Within academic fields, lecturing plays an integral role in creating the next generation of academics and professionals, granting the skills, abilities and knowledge to get them started on their chosen career.
Lectures remain to be the most effective way of teaching in a higher education setting, and while the core idea behind lecturing remains the same, new technologies and new approaches to learning have changed the teaching landscape.
Some of the best lecturers in universities and colleges are constantly evolving the way they teach with these new developments in mind in order to ensure their students get access to the best education possible.
But continually improving as a lecturer is a challenge in itself – how does one become a better lecturer? What qualities and characteristics make for a good teacher? In this article, we’re going to take a look at how lecturing can be improved to give a better higher education experience for students of all levels.
What is the responsibility of a lecturer in higher education?
The traditional role of a lecturer within a higher education setting is to deliver education to students on their course, teaching course materials within their field to help their students get the most out of their degrees. This can include things like:
- Giving lectures on course topics
- Course preparation and lecture planning
- Holding seminars and tutorials for more interactive learning
- Writing and marking assessment exams
- Writing and designing teaching materials for students
Beyond those core responsibilities, modern lecturers are also expected to:
- Assist PhD and Master students with their research activities
- Embark on personal research projects as a research university lecturer
- Write academic papers
- Act as mentors and provide pastoral care for students
- Contribute to the activities organised by their school
There are many more duties that lecturers have within their jobs and careers – you can learn more about what lecturers do with this helpful guide.
What are the qualities of a good lecturer?
The first step to improving as a lecturer is to understand the kind of qualities that make for a good lecturer. These can include things like:
- Being engaging – Having a lecturer who is switched on, always ready to spark discussion and communication, and always open to finding new ways to engage students is key to keeping things fresh and interesting.
- Being compassionate – All students are human beings with their own personal lives. Being understanding when things happen in these personal lives is essential for supporting your students to be the best learners they can be.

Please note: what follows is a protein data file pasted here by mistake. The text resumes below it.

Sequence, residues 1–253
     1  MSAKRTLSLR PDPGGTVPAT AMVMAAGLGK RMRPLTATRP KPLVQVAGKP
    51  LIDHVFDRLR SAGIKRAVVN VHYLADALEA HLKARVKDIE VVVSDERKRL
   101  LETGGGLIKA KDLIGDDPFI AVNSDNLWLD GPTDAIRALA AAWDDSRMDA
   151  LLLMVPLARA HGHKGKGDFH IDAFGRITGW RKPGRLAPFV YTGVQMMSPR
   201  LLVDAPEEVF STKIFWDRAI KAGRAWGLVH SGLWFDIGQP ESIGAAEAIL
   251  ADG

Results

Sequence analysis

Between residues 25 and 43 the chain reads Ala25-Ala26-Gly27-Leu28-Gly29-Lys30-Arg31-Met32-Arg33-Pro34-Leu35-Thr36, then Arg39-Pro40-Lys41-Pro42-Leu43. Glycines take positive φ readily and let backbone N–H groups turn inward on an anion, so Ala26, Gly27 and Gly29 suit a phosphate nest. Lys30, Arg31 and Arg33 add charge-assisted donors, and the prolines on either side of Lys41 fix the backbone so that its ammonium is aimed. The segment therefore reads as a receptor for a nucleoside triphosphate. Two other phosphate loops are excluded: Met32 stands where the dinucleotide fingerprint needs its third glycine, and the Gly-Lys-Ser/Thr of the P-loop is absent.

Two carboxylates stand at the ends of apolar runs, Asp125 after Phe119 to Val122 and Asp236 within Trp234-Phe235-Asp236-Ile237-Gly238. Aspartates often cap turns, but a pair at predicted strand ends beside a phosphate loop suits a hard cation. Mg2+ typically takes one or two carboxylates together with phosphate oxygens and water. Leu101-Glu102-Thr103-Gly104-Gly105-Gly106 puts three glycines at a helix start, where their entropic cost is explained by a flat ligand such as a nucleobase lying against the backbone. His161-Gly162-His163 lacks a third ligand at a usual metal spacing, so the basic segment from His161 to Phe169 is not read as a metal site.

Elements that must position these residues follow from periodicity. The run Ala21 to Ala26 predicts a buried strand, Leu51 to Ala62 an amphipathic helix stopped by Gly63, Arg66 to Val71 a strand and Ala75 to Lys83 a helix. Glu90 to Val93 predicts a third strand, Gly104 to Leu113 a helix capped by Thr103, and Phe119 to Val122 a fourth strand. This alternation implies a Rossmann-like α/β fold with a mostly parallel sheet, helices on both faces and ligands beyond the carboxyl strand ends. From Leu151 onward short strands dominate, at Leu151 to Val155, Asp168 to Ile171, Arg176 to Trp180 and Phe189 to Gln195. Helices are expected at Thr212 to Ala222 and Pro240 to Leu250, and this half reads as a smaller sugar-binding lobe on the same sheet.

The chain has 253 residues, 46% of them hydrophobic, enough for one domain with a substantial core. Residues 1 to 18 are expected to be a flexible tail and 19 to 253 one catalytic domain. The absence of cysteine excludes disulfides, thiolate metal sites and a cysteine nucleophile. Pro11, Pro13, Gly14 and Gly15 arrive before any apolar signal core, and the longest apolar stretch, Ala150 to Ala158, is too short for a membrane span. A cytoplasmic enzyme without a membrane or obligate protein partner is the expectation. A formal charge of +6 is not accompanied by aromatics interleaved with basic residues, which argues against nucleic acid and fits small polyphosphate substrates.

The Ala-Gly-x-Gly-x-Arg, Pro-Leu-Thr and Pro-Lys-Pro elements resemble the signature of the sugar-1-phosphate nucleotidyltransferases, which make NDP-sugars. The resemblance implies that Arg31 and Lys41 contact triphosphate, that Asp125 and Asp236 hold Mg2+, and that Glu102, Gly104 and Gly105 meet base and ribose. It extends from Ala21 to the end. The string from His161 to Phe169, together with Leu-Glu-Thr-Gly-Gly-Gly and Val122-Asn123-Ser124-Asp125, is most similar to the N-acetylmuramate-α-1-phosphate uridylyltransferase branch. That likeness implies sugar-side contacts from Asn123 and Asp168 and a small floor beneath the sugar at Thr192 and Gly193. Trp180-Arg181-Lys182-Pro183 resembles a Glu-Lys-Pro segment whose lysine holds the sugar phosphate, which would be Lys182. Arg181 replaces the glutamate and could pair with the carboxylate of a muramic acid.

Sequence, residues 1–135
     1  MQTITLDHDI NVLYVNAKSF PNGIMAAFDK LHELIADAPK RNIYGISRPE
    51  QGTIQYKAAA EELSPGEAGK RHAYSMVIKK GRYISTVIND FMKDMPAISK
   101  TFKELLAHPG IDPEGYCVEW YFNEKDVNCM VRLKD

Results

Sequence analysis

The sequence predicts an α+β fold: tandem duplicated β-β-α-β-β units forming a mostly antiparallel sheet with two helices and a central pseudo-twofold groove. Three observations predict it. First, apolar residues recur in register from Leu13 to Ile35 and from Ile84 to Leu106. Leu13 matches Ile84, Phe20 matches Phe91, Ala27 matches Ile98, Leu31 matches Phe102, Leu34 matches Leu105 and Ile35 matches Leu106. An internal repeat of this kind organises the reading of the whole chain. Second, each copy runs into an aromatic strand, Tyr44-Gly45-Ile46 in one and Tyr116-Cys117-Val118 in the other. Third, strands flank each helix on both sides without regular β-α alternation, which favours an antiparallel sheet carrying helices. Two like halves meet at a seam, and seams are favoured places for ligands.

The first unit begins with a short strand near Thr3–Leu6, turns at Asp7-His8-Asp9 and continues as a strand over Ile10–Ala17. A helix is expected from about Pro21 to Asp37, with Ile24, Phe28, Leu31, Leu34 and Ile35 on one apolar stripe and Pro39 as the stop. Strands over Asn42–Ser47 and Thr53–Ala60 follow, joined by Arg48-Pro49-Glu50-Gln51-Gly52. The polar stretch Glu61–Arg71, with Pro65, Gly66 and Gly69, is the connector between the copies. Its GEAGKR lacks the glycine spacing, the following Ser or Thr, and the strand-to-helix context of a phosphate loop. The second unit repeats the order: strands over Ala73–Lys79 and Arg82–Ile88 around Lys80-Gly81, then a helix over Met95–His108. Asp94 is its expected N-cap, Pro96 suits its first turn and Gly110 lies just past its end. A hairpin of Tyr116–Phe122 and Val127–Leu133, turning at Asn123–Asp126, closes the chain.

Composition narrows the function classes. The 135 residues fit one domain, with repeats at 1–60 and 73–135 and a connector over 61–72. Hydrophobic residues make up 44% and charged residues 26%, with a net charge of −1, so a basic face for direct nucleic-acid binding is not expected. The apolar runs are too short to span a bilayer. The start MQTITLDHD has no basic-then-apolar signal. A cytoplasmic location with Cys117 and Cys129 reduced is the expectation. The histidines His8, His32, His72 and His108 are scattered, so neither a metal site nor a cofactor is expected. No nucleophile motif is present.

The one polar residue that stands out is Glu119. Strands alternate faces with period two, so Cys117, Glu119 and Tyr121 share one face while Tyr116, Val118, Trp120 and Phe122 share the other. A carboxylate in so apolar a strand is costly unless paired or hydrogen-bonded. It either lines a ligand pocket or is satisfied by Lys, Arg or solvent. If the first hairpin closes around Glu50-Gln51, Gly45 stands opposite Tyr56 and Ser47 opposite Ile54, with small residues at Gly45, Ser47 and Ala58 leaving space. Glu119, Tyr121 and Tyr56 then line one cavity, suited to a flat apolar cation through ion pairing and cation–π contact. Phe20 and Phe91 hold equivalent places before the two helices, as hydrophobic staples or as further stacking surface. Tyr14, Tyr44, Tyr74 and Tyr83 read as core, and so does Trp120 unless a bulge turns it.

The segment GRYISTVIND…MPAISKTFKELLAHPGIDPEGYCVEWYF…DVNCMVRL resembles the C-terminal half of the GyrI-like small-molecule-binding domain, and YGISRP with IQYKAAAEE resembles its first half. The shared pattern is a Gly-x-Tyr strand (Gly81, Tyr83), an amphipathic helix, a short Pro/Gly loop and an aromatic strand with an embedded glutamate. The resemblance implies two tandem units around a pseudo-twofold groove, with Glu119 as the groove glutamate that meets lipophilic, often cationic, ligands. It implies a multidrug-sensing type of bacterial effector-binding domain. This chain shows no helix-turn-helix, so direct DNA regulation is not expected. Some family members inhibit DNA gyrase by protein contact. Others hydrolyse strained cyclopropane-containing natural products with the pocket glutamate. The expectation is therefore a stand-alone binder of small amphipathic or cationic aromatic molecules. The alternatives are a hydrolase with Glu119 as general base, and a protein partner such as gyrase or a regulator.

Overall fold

- Being enthusiastic – Enthusiasm as a lecturer will keep you interested in everything you have to teach, and that passion for your subject will come through in your teaching and higher education skills, gifting your students with an enthusiasm for learning.
- Being proactive – Taking an active interest in your students will make them feel valued as part of the education institution. Check in with your students regularly to ensure your teaching is doing its job and that all class members are able to keep up.
- Being approachable – Having a lecturer who’s hard to approach as a student can quickly derail progress on a module. Try to ensure you’re as welcoming to everyone in your college or university as you can be to ensure a positive lecturer-student academic relationship.
How to improve as a lecturer
So now we come to the crux of the question – how exactly does one improve as a lecturer? How does one thrive in university lecturer jobs? Let’s look at three ways you can become a better lecturer:
Our first tip is helping your students understand how to process your feedback. Negative and positive feedback are key building blocks for a student’s understanding of a subject, so them being able to learn and adapt from that feedback is essential. One way to do this is by requiring your students to send you a draft of any coursework for you as a lecturer to look through and provide feedback for. Once you’ve checked it over, arrange a meeting where you both go over the feedback you’ve provided so that lessons can be learned and a deeper understanding gained. This interactive element added to the course will help you improve as a teacher and help the student earn better grades.